Prior to February 1954, no endeavor to get the Pledge officially amended succeeded. The final successful push came from George MacPherson Docherty. Some American presidents honored Lincoln's birthday by attending services at the church Lincoln attended, New York Avenue Presbyterian Church by sitting in Lincoln's pew on the Sunday nearest February 12. President Eisenhower followed this tradition.
On February 7, 1954, with President Eisenhower sitting in Lincoln's pew, the church's pastor, George MacPherson Docherty, delivered a sermon based on the Gettysburg Address titled "A New Birth of Freedom." He argued that the nation's might lay not in arms but its spirit and higher purpose. He noted that the Pledge's sentiments could be those of any nation, that "there was something missing in the pledge, and that which was missing was the characteristic and definitive factor in the American way of life." He cited Lincoln's words "under God" as defining words that set the United States apart from other nations.
President Eisenhower responded enthusiastically to Docherty in a conversation following the service. Eisenhower acted on his suggestion the next day and on February 8, 1954, Rep. Charles Oakman (R-Mich.), introduced a bill to that effect. Congress passed the necessary legislation and Eisenhower signed the bill into law on Flag Day, June 14, 1954.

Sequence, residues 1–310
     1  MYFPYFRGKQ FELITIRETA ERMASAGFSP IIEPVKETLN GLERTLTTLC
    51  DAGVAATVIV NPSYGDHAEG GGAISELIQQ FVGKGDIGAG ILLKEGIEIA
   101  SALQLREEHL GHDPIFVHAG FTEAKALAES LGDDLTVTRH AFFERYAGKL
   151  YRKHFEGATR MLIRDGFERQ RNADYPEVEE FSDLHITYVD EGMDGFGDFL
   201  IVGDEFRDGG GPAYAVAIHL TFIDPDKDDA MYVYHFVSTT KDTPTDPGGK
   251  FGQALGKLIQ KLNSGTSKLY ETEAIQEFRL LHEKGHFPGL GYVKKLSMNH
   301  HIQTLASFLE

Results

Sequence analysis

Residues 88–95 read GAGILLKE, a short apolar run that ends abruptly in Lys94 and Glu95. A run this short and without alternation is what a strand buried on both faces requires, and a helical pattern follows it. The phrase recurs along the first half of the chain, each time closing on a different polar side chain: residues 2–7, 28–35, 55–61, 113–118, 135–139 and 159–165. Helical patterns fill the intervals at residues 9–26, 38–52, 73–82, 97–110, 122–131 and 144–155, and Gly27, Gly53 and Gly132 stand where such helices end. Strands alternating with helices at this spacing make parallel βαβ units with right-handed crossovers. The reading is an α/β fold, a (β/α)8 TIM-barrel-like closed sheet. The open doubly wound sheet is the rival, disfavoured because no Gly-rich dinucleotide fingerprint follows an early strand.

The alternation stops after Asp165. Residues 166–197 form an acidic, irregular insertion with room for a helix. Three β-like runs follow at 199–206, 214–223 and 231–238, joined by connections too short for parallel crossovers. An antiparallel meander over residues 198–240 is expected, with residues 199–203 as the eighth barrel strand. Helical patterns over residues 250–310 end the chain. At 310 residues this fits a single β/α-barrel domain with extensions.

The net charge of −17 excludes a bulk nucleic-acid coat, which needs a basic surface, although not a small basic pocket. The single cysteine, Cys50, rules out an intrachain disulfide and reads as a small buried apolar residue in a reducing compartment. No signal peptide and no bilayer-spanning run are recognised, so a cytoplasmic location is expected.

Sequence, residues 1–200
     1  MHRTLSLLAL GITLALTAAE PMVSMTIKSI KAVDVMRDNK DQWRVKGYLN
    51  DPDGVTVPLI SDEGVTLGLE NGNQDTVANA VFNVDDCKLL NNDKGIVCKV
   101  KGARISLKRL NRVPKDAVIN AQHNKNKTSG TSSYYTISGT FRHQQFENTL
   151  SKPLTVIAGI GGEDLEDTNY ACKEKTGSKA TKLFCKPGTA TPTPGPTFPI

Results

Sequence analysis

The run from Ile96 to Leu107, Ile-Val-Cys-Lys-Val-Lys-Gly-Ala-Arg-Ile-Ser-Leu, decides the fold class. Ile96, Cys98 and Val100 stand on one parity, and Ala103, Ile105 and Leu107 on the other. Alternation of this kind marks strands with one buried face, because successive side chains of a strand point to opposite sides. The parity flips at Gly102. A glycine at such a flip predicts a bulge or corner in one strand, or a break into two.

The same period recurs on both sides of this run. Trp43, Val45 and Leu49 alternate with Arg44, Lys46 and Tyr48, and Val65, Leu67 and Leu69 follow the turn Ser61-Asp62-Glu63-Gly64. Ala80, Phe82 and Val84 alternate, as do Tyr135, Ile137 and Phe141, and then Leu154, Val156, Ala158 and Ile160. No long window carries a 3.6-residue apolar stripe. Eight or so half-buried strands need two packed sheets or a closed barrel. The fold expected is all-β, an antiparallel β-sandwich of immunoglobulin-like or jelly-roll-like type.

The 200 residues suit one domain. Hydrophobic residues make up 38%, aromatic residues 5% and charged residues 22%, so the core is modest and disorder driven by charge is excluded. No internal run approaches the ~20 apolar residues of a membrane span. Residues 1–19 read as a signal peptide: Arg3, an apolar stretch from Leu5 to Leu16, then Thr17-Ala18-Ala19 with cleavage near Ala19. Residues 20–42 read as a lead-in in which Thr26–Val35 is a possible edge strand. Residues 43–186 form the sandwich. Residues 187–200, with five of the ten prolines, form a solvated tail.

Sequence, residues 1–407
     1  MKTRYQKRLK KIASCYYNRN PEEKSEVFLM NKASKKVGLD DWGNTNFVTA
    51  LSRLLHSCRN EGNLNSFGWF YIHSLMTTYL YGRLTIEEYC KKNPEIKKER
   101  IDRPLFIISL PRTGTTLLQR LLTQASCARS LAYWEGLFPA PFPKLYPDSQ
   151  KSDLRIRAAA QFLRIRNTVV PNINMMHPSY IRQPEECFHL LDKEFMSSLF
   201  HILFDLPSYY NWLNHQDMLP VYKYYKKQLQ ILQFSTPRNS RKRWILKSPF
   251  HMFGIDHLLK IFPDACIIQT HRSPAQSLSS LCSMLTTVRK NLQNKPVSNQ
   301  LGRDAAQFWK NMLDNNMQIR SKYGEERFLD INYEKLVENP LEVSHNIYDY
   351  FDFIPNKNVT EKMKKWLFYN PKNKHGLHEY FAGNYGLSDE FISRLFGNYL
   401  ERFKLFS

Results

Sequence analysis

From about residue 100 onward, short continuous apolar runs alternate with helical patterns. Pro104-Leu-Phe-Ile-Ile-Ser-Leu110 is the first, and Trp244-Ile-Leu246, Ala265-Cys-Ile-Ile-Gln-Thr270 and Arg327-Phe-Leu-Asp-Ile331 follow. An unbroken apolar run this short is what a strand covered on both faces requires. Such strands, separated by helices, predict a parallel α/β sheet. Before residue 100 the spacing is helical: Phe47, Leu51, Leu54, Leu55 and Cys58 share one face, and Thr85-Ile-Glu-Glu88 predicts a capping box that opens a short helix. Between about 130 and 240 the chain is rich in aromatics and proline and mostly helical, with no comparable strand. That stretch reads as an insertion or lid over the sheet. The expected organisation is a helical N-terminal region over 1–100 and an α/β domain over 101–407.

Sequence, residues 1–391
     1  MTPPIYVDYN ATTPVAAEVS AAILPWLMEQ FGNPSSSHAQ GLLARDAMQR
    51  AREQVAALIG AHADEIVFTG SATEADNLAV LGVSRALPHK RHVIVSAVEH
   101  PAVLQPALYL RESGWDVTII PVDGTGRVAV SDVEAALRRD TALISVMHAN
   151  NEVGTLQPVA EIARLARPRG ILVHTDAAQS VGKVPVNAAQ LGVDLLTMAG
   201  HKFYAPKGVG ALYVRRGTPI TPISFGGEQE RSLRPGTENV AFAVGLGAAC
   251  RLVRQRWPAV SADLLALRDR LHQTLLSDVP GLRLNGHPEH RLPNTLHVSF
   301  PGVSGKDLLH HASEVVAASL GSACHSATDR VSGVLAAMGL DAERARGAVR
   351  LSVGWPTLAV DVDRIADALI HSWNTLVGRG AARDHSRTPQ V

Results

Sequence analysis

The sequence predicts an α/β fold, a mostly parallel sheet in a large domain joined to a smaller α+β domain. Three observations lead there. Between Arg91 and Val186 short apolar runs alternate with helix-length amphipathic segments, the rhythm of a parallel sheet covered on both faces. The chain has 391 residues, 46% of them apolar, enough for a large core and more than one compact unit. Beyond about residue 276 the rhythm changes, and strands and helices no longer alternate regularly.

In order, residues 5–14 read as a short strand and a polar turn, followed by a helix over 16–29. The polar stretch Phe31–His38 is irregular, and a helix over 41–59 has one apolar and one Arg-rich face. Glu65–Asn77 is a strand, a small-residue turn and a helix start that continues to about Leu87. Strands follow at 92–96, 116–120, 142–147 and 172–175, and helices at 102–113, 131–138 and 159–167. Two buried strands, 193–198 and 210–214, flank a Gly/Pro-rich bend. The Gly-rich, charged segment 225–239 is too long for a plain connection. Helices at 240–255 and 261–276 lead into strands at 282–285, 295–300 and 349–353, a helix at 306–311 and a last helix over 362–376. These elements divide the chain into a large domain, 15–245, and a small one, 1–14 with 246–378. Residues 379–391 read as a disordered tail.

The phrase "under God" was incorporated into the Pledge of Allegiance by a Joint Resolution of Congress amending §7 of the Flag Code enacted in 1942
Eisenhower stated "From this day forward, the millions of our school children will daily proclaim in every city and town, every village and rural school house, the dedication of our nation and our people to the Almighty. ... In this way we are reaffirming the transcendence of religious faith in America's heritage and future; in this way we shall constantly strengthen those spiritual weapons which forever will be our country's most powerful resource, in peace or in war."
("God In America: God in the White House," PBS)
Many historians believe the inclusion of the "under God" phrase went in hand with the infamous Red Scare. In the 1950s, Secretary of State John Foster Dulles believed that the United States should oppose communism not because the Soviet Union was a totalitarian regime but because its leaders were atheists.